Lower resolution: d > 1 nm.SEM can be used as electron beam lithography.

Resolution < 10 nm.

Process extremely slow

→ used mainly for prototypying & optical mask fabrication.

Optical MicroscopyFor visible light & high numerical aperture ( β 1 ), d ~ 200-400 nm.→ Direct optical imaging not useful in nanostructure studies. Useful indirect methods include

Rayleigh sacttering, absortion, luminescence, Raman scattering, …

Fermi’s golden rule for dipole approximation for light absorption:

22i j j iw j e i

E r

Emission rate (α = e2 / c ):

3

2 2

3 2

42 j i

j i i jw j e i j ic

E r r

Real part of conductivity ( total absorbed power = σ E 2 ):

2

2

,

2ˆ i j j i

i j

ej i f f

V

n r ˆEE n

Absorption & emission measurements → electronic spectra.

Fluorescence from CdSe nanocrystals at T = 10K

Spectra of Fluorescence of individual nanocrystals.Mean peak: CB → VBOther peaks involves LO phonon emission.

Optical focal system are often used in microfabrication.i.e., projection photolithography.For smaller scales, UV, or X-ray lithographies are used.

Scanning Tunneling Microscopy

Carbon nanotube

STM: Metal tip with single atom end is controlled by piezoelectrics to pm precision.Voltage V is applied to sample & tunneling current I between sample & tip is measured.

2

2exp 2I

mz

= tunneling barrierz = distance between tip & sample

Typical setup: Δz = 0.1 nm → Δ I / I = 1.

Feedback mode: I maintained constant by changing z.→ Δz ~ 1 pm can be detected.

STM can be used to manipulate individual surface atoms.

“Quantum coral” of r 7.1 nm formed by moving 48 Fe atoms on Cu (111) surface.Rings = DOS of e in 3 quantum states near ε

F.

2

j j F jj

d I

I dVeV r ( weighted eDOS at E = εF + eV )

Atomic Force MicroscopyLaser

mm sized cantilever

photodiode array

C ~ 1 N/mF ~ pN – fNΔz ~ pm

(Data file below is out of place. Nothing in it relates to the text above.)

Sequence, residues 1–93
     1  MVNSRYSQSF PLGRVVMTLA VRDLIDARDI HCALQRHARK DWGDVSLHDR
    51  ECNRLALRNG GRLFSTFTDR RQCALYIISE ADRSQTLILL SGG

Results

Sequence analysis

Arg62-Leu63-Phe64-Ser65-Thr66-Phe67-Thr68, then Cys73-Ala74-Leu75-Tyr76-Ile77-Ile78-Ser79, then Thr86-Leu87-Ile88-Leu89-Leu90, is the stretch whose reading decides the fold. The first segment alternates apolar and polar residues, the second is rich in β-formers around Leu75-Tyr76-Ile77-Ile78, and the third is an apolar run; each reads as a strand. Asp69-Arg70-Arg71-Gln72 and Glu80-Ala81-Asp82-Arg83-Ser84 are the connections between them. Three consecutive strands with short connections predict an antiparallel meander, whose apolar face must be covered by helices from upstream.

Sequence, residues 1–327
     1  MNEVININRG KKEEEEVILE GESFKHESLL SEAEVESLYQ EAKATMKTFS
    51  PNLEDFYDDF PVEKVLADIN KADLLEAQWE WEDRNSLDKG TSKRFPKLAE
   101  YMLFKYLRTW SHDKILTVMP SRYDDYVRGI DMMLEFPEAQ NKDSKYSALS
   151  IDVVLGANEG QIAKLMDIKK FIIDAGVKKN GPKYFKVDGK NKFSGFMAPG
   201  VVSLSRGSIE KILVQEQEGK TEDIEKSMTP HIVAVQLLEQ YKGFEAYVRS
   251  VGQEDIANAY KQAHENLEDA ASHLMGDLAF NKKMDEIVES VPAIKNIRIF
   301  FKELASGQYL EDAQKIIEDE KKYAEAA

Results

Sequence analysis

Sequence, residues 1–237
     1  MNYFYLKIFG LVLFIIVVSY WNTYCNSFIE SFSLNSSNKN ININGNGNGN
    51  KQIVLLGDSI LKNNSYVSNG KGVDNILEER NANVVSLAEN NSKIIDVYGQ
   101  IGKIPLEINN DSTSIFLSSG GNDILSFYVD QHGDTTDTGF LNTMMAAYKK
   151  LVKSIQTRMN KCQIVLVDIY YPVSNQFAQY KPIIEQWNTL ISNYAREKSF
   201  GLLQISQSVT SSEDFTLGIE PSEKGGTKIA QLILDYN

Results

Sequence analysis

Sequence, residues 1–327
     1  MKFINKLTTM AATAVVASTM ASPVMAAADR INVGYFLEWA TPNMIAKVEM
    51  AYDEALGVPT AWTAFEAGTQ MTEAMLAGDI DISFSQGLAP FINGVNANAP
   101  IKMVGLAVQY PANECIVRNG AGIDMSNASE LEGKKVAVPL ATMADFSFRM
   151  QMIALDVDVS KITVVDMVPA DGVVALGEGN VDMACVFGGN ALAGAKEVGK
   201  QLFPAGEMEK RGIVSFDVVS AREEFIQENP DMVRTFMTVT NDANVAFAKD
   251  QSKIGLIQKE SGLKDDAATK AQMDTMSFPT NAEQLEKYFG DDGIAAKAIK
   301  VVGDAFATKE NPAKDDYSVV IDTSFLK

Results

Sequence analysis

F C z

AFM: • Works on both conductor & insulator.• Poorer resolution than STM.

Contact mode: tip in constant contact with sample; may cause damage.

Tapping mode:cantilever oscillates near resonant frequency & taps sample at nearest approach.

20

222 2 0

0

Fz

C

Q

0

0

Fz Q

C

0

0

Fz

C

Q = quality factor per cyclestored

dissipated

E

E

ω0 & Q are sensitive to type & strength of forces between tip & sample.Their values are used to construct an image of the sample.

Magnetic Force Microscopy

MFM = AFM with magnetic tip

0

0 0

z z

F z z F zF

zz

0 0

2

2

z z z z

B Bz

z z

Other scanned probe techniques:

• Near-field Scanning Optical Microscopy (NSOM)

Uses photon tunneling to create optical images with resolution below diffraction limit.

• Scanning Capacitance Microscopy (SCM)

AFM which measures capcitance between tip & sample.

Electronic Structure of 1-D Systems

Bulk: Independent electron, effective mass model with plane wave wavefunctions.Consider a wire of nanoscale cross section.

2 2

, 2i j

k

m

,, , , i k zi jx y z x y e i, j = quantum numbers in the cross section

,,

i ji j

DD ,,i j

i j

d N d k

dD

k d

2,

2 22 2 i j

L m

,,

,

4

0

i ji j

i j

L

hv

Van Hove singularities at ε = εi, j

1-D subbands

Spectroscopy of Van Hove Singularities

STM

photoluminescence of a collection of nanotubes

Carbon nanotube

Prob. 1

1-D Metals – Coulomb Interaction & Lattice Couplings

Let there be n1D carriers per unit length, then 1

2 22

2D F Fn k k